Download Adorno on Popular Culture (International Library of by Robert W. Witkin PDF

By Robert W. Witkin

Within the a long time due to the fact his loss of life, Adorno’s considering has misplaced none of its ability to unsettle the settled, and has proved highly influential in social and cultural idea. To most folks, the leisure supplied by means of tv, radio, movie, newspapers, astrology charts and CD avid gamers turns out innocuous sufficient. For Adorno, notwithstanding, the tradition that produces them is finally poisonous in its impression at the social method. He argues that smooth mass leisure is synthetic less than stipulations that mirror the pursuits of manufacturers and the industry, either one of which call for the domination and manipulation of mass consciousness.

Here Robert W. Witkin unpacks Adorno’s notoriously tough critique of pop culture in an attractive and obtainable kind. having a look first at its grounding in a much broader concept of the totalitarian traits of past due capitalist society, he then is going directly to learn, in a few element, Adorno’s writing on particular points of pop culture comparable to astrology, radio, movie, tv, renowned tune and jazz. He concludes along with his personal serious reflections on Adorno’s cultural theory.

This ebook should be crucial examining for college kids of the sociology of tradition, of cultural stories, and of serious concept extra more often than not.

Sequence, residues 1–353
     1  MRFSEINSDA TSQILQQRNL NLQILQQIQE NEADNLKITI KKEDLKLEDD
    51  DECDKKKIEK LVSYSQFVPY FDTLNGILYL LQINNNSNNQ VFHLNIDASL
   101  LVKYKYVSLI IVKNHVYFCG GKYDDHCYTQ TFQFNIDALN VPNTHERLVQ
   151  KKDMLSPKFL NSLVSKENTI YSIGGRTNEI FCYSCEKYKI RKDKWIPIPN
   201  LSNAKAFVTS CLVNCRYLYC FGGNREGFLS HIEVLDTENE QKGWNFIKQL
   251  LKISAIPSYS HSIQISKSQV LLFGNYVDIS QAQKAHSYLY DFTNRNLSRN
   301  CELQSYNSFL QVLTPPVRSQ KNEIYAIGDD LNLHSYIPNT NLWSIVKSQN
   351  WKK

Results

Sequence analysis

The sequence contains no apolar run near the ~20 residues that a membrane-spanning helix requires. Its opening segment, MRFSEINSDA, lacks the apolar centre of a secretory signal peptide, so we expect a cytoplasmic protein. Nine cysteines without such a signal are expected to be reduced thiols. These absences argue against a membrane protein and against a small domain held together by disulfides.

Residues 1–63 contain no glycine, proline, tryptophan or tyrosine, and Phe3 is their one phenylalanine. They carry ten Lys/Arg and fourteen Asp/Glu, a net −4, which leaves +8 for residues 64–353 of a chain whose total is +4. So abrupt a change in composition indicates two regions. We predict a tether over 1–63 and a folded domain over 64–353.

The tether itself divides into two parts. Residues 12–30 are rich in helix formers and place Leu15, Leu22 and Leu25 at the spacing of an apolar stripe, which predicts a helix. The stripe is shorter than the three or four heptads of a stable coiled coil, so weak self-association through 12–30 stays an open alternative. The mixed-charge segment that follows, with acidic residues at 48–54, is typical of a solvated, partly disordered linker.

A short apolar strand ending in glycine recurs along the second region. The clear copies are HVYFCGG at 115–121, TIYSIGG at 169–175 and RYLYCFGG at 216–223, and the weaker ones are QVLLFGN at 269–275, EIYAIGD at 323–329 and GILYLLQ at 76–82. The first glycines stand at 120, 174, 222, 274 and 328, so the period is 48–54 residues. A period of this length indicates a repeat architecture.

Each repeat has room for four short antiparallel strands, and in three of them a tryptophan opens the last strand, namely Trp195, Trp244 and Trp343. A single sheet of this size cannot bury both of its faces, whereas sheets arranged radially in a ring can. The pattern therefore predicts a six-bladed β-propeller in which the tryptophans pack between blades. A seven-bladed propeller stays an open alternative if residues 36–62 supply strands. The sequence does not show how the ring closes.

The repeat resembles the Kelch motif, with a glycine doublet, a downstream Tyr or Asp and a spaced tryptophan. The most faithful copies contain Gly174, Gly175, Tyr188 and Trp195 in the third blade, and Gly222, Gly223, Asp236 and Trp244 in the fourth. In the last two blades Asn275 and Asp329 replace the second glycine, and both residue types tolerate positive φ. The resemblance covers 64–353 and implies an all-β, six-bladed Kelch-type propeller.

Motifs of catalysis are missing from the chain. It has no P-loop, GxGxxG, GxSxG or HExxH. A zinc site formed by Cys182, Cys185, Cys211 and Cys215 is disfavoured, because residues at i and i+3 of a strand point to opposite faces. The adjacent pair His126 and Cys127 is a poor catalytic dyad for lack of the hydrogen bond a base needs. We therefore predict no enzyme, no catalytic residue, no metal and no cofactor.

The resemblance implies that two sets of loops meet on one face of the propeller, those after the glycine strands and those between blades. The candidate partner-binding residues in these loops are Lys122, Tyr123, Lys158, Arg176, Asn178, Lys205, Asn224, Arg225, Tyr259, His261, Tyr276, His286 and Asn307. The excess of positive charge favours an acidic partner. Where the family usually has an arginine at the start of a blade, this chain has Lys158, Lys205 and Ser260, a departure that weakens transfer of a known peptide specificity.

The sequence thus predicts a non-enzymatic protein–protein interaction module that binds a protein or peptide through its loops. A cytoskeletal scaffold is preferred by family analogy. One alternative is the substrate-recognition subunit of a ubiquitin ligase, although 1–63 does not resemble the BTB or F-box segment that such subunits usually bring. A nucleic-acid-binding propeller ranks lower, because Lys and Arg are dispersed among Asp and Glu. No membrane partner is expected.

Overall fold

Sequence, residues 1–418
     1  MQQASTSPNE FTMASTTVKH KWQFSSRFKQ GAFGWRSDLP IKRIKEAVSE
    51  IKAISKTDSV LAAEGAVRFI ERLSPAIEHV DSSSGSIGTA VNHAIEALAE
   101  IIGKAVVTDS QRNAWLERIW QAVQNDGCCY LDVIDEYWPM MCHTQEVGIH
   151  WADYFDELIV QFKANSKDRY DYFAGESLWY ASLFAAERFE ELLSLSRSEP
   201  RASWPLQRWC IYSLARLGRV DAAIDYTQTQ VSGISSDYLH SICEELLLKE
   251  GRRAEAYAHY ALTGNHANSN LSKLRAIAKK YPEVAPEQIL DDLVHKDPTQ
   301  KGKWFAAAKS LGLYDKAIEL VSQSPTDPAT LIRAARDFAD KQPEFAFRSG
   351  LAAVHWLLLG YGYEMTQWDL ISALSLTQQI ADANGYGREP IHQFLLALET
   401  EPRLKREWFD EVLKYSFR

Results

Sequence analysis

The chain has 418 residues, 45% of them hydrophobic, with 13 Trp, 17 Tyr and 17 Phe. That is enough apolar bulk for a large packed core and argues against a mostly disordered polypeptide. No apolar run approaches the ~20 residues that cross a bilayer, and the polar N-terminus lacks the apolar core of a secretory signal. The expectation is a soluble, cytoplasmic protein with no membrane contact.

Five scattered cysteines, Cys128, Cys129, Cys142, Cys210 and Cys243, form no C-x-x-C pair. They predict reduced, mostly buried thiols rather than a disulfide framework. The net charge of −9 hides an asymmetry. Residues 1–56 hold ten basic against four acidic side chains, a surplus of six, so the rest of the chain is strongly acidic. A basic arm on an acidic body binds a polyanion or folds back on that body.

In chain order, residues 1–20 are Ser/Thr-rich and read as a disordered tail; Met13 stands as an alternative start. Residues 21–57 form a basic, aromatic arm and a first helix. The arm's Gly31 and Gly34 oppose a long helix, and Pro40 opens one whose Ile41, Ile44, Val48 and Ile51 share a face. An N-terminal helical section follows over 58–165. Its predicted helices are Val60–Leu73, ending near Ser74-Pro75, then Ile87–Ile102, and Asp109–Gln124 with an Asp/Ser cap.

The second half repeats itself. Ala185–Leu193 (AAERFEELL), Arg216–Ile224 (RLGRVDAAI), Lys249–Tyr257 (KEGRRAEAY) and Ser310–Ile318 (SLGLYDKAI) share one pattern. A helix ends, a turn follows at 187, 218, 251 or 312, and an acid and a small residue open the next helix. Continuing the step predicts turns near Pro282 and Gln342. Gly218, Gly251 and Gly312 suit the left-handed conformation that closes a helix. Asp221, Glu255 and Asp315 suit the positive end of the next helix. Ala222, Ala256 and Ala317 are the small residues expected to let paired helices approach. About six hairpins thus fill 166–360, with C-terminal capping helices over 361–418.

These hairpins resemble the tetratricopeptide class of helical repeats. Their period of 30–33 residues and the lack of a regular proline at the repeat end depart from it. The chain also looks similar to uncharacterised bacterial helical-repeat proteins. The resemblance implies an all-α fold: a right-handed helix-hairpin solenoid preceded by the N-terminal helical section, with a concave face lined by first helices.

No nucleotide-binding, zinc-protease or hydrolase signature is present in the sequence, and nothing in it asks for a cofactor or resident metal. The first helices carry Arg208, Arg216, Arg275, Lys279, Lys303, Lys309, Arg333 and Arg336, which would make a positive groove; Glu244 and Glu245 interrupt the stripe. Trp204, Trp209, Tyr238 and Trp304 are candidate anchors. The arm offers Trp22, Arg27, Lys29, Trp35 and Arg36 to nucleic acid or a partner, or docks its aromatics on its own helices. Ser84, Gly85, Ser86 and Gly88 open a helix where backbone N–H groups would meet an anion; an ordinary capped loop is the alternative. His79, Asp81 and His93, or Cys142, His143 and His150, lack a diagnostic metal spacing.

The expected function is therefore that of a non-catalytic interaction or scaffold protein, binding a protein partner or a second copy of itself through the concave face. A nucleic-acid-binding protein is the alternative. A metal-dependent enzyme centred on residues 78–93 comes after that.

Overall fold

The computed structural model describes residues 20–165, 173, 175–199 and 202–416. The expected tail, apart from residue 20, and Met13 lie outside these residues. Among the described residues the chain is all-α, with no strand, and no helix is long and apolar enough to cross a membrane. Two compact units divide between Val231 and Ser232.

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Additional resources for Adorno on Popular Culture (International Library of Sociology)

Sample text

The same point is made by Peter Burger (Burger 1984). Furthermore, Adorno argued, this dream of Culture as freedom from the dictatorship of means, from sterile utility, served as an apology for a world in which the domination of means and slavish conformity was established as fundamental. Adorno’s defence of the autarchy of Culture has thus to be seen in dialectical terms. There is a tension between the claims of Culture to be free and independent, to be a value in itself, and the claims upon culture to be adaptive and thus to negotiate the demands of an empirical world and its entanglements.

Massification demands nothing less. ‘Marked differentiations such as those of A and B films, or of stories in magazines in different price ranges, depend not so much on subject matter as on classifying, organizing, and labelling consumers’ (Adorno and Horkheimer 1979: 123). The lack of differentiation among products – the demand that all products should be essentially similar and only manifest superficially distinctive features – follows from the fact that the culture industry is oriented to the production of reliable effects that are to be worked upon the consciousness of the consumer.

Not only does such isolation culminate in a divided consciousness but it belies the very content of consciousness, the claims of Culture to be about humanity and spirit. The latter become, in a divided consciousness, merely cultural goods. Tradition, too, is an essential ingredient in Culture with a capital ‘C’. Tradition, established through practice and association, ensures the continuity and development of consciousness in which everything not actually present survives and plays its part in shaping events.

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